If there were a genuine attack with mass destruction or invasion imminent and the president hid under his desk, the cumbersome process of impeachment and trial would be an unlikely recourse.  The intervention of the president’s national security advisers and vice-president, the invocation of the 25th Amendment, or extra-constitutional measures to deal with the emergency would be more probable.

The constitutional text says “bribery, treason or other high crimes and misdemeanors.” Must you not depart from it to include incompetence?

Both Goldberg and his former National Review colleague Romesh Ponnuru attach much importance to remarks by James Madison stipulating that the president could be impeached for inducing a crime by promising to pardon the criminal.  They seem to think that the president’s absolute pardon power would make this legal. But deliberately getting someone to commit a crime in exchange for a promised reward is itself a crime: criminal solicitation. If the President  intentionally entices criminal conduct he is himself guilty.

It is, moreover, extraordinary that both Goldberg and Ponnuru introduce this example as though it were hypothetical.  Is that not precisely what President Clinton did with Susan MacDougall? Was she not induced to defy a grand jury subpoena in the Whitewater investigation, jailed for the balance of Clinton’s second term, and then rewarded with a full pardon as he left office? Clinton was impeached all right, but never for that.

There is a certain selectivity in Goldberg’s use of Federalist No. 65 (Hamilton). He cites the famous passage in which Hamilton states that impeachment will concern political offenses, consisting in some “breach of the public trust.” Any offense for which presidential impeachment were brought undoubtedly would amount to that. This does not mean that the breach of public trust would not also be a prosecutable crime.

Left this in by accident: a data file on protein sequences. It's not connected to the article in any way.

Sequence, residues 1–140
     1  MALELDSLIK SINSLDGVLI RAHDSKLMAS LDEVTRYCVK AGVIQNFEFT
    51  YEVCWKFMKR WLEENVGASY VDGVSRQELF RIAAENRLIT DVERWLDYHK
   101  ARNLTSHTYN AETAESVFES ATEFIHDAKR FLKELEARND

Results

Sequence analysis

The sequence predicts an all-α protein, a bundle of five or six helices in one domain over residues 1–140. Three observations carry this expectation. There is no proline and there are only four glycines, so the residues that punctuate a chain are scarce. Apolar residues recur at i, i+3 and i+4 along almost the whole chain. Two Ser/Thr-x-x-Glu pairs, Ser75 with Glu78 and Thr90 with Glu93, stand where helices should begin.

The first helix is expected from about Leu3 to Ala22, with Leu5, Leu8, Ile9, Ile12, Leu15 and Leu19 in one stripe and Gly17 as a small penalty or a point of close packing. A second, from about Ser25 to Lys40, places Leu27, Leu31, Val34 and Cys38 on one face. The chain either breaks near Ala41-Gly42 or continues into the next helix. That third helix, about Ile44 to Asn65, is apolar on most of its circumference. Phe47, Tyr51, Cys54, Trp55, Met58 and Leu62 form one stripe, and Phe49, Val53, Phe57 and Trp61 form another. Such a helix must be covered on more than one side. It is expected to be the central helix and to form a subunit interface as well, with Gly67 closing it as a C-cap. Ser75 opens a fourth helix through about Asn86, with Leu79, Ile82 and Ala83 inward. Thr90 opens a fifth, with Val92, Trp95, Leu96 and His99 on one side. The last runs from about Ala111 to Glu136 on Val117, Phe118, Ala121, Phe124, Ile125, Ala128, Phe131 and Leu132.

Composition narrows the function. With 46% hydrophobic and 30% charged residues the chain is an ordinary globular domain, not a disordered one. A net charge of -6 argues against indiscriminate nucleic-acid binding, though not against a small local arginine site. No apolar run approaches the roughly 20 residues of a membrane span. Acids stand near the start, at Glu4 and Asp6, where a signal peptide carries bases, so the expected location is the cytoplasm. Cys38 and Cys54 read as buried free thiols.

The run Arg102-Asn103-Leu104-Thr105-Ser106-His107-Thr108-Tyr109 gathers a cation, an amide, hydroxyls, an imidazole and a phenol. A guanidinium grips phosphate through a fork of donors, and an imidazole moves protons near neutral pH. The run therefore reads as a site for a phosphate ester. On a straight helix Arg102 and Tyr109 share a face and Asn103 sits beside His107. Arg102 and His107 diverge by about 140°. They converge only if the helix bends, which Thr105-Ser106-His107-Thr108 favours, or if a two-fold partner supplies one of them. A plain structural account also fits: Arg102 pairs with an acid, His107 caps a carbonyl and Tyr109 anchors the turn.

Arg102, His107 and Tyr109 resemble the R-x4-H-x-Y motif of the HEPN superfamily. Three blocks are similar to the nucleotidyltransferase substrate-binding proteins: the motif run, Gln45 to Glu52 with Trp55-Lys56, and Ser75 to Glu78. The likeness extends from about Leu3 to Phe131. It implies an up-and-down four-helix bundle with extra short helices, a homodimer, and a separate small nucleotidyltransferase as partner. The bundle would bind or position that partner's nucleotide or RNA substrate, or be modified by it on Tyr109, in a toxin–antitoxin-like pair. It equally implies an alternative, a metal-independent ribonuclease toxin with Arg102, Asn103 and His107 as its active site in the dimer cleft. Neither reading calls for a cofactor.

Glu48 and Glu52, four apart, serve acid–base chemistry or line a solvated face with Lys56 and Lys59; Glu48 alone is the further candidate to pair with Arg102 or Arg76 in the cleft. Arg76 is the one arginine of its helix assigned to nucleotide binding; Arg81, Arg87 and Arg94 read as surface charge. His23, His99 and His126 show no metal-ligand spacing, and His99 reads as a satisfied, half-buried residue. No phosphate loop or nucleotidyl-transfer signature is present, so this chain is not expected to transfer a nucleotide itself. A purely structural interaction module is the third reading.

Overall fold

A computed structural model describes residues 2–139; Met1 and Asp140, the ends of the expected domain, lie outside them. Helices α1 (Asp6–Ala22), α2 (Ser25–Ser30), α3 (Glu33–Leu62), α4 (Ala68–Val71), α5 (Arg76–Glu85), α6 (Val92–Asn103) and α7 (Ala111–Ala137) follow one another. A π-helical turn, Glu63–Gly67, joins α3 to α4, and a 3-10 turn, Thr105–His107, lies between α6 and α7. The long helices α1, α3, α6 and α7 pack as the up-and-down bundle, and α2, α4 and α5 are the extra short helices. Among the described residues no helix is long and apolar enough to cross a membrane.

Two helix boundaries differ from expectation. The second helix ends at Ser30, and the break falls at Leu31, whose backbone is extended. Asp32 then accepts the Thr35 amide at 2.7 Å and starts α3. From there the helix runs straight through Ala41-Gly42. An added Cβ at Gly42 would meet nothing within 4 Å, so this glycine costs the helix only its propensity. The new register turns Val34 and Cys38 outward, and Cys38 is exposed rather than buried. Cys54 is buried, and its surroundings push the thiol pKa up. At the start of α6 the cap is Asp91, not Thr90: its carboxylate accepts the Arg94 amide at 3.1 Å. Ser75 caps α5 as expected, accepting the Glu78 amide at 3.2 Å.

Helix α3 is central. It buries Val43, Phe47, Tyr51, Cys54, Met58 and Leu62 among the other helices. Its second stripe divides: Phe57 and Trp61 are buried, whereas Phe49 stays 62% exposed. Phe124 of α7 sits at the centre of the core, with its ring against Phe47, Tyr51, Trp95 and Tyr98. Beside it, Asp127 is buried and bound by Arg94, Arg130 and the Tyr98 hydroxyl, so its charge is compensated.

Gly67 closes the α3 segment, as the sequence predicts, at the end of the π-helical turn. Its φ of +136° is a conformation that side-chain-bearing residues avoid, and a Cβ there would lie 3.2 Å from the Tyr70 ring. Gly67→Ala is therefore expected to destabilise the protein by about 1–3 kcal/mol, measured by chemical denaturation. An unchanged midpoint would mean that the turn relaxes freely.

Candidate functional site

Hamilton observes, paraphrasing the final paragraph of Article I, Section 3:

[T]he punishment which may be the consequence of conviction upon impeachment is not to terminate the chastisement of the offender. After having been sentenced to a perpetual ostracism from the esteem and confidence and honors and emoluments of his country, he will still be liable to prosecution and punishment in the ordinary course of law.

How could the impeached president be subject to prosecution and punishment “in the ordinary course of law” if the grounds of impeachment were not also cognizable criminal offenses?  Dershowitz’s critics may reply that this merely covers a subset of impeachable offenses, but does it not suggest that actual criminal behavior was what the Founders had in mind?

At this point Goldberg argues that there were no federal criminal statutes at the time the Constitution went into effect and so if impeachment had to be based upon commission of a crime, nothing then would have constituted an impeachable offense.

Dershowitz actually covers the point, referring to the arguments of Andrew Johnson’s defender, Justice Benjamin Curtis.  Apart from the fact that federal criminal statutes would follow in short order, when the Constitution went into effect, common law crimes were regarded as cognizable federal offenses, even if notated only in state criminal codes.  

In fact, the constitutional text does not refer to “crimes against the United States,” although Curtis used that phrase.  Murder was a crime in 18th-century America. Murder today is not typically a federal offense apart from such esoteric exceptions  as assassination of the president and terrorism.  It obviously is defined in state criminal statutes. President Trump may have said that his followers would remain loyal even if he shot someone on Fifth Avenue, but I doubt that he would long remain president if he did so.